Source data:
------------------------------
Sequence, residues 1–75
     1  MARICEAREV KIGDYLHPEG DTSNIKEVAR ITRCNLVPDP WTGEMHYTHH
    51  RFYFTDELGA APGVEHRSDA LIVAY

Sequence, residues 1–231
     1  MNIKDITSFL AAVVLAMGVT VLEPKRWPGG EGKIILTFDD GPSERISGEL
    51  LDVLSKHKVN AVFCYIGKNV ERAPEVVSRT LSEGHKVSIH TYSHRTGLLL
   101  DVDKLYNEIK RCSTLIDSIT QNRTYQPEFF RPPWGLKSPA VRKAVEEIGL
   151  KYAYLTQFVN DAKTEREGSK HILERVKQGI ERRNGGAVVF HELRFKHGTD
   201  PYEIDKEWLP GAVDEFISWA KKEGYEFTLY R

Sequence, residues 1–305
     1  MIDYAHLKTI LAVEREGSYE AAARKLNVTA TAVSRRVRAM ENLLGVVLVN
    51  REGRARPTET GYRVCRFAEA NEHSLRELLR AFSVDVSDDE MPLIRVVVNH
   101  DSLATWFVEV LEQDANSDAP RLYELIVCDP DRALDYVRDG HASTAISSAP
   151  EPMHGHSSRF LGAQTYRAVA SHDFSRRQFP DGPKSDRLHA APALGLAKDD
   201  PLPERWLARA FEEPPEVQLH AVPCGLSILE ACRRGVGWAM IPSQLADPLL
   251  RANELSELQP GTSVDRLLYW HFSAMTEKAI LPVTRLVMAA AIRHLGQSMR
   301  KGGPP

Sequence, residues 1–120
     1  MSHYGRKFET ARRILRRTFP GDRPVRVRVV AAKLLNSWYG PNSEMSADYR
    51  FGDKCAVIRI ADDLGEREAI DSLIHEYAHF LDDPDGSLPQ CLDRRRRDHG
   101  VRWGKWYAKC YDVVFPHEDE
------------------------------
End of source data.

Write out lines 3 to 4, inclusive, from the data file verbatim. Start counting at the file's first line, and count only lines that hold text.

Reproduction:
    51  RFYFTDELGA APGVEHRSDA LIVAY

Sequence, residues 1–231